Different Types of Cruises: Luxury, River, Expedition, and More

Back (Stern) of the Ship: The back of the ship, or stern, experiences less of the up-and-down movement common at the bow. However, it may experience a bit of side-to-side motion, especially when the ship is maneuvering. While this motion is usually more subtle, it can still cause discomfort for some passengers.

Other Considerations: It’s also important to note that ships are equipped with modern stabilization technology designed to minimize overall movement, and seasickness is less common on larger ships due to their size and stability. However, if you are particularly susceptible to motion sickness, a midship cabin on a lower deck, where any motion is typically least noticeable, might be the best option.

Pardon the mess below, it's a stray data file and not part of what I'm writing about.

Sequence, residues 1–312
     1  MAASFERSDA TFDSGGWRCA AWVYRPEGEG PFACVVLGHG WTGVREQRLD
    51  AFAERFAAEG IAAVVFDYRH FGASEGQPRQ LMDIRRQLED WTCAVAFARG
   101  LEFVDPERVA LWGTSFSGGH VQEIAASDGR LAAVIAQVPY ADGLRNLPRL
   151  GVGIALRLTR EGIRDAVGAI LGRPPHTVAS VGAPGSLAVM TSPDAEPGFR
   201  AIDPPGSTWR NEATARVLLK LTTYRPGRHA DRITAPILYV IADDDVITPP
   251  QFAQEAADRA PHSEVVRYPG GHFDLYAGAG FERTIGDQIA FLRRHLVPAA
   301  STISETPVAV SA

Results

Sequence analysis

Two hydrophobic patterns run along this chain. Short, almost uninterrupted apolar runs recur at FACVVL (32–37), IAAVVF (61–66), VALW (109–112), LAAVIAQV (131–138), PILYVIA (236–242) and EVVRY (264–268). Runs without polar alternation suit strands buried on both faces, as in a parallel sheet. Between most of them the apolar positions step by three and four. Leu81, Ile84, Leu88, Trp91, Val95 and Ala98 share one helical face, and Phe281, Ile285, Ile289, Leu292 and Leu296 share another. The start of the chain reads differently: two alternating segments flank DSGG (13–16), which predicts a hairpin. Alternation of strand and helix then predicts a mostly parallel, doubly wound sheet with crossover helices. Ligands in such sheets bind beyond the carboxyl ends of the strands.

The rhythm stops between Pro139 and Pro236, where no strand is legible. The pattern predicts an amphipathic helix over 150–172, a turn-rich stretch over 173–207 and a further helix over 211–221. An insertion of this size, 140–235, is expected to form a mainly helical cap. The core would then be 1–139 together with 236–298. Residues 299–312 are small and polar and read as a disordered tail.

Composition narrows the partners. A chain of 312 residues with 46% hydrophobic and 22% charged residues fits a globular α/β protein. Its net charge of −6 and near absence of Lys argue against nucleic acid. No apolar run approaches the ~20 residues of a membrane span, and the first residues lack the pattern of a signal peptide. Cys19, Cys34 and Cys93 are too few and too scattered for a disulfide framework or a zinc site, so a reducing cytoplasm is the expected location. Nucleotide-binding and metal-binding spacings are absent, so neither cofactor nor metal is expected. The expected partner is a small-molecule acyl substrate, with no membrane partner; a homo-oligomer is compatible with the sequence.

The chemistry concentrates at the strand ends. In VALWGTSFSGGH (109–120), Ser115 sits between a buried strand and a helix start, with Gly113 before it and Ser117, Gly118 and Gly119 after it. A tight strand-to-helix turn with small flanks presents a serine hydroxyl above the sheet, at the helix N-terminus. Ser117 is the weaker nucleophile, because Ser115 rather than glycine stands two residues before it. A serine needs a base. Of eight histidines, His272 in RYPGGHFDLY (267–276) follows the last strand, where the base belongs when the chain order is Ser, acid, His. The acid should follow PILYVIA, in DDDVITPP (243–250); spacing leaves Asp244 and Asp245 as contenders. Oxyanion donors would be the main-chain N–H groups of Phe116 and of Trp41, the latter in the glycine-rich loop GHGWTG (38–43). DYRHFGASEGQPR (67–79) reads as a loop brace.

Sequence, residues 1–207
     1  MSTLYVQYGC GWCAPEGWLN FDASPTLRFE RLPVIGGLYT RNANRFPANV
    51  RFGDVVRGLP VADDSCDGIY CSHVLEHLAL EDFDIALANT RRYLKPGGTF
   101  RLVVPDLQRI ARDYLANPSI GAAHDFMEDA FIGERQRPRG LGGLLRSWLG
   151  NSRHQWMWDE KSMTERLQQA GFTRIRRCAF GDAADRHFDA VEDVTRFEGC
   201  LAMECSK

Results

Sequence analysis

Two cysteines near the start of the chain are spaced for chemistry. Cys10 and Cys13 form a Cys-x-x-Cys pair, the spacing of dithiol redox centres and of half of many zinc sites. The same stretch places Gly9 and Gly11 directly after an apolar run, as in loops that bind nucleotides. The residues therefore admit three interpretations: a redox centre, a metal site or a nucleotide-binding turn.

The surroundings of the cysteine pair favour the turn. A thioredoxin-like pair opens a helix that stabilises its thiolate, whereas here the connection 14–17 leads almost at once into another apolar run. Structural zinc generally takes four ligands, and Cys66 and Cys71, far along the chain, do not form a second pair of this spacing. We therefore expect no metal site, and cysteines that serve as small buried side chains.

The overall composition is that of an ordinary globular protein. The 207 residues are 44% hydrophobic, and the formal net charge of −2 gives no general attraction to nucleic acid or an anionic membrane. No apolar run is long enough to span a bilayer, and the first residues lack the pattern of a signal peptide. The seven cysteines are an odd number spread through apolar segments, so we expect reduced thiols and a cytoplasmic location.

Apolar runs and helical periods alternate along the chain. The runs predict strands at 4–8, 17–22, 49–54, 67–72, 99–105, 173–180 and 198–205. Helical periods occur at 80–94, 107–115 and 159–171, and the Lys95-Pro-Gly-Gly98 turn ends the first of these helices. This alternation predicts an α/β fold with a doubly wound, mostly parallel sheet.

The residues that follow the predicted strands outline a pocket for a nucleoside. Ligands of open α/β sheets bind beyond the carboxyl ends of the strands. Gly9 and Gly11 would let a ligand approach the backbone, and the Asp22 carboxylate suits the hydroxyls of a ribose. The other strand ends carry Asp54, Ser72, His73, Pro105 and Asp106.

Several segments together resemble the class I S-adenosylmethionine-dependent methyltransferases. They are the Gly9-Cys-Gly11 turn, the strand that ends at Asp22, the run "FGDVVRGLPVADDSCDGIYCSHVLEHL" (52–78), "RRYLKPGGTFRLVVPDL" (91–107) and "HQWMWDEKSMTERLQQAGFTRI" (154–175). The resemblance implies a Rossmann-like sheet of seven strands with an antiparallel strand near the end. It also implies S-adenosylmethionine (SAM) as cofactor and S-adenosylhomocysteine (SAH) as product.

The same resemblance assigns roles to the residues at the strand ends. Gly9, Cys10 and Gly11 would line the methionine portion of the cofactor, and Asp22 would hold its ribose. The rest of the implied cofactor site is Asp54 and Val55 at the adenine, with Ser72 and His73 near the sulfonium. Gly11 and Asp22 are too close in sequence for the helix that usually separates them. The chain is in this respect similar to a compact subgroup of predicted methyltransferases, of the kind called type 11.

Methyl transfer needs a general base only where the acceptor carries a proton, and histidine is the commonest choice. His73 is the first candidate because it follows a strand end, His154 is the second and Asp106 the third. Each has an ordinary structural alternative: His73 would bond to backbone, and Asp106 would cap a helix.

Ultimately, your sensitivity to motion and personal comfort level will dictate whether a front, back, or midship cabin is the best choice for you. Over-the-counter or prescription medications, wristbands, and other remedies are also available to help manage motion sickness if needed.

Price Comparison: Does Location Affect Cost?

Indeed, the location of your cabin can have a significant impact on the cost of your cruise. Typically, cruise lines price their cabins based on various factors, including size, amenities, view, and, importantly, location. Here’s how the front (bow) and back (stern) cabins generally compare in terms of cost: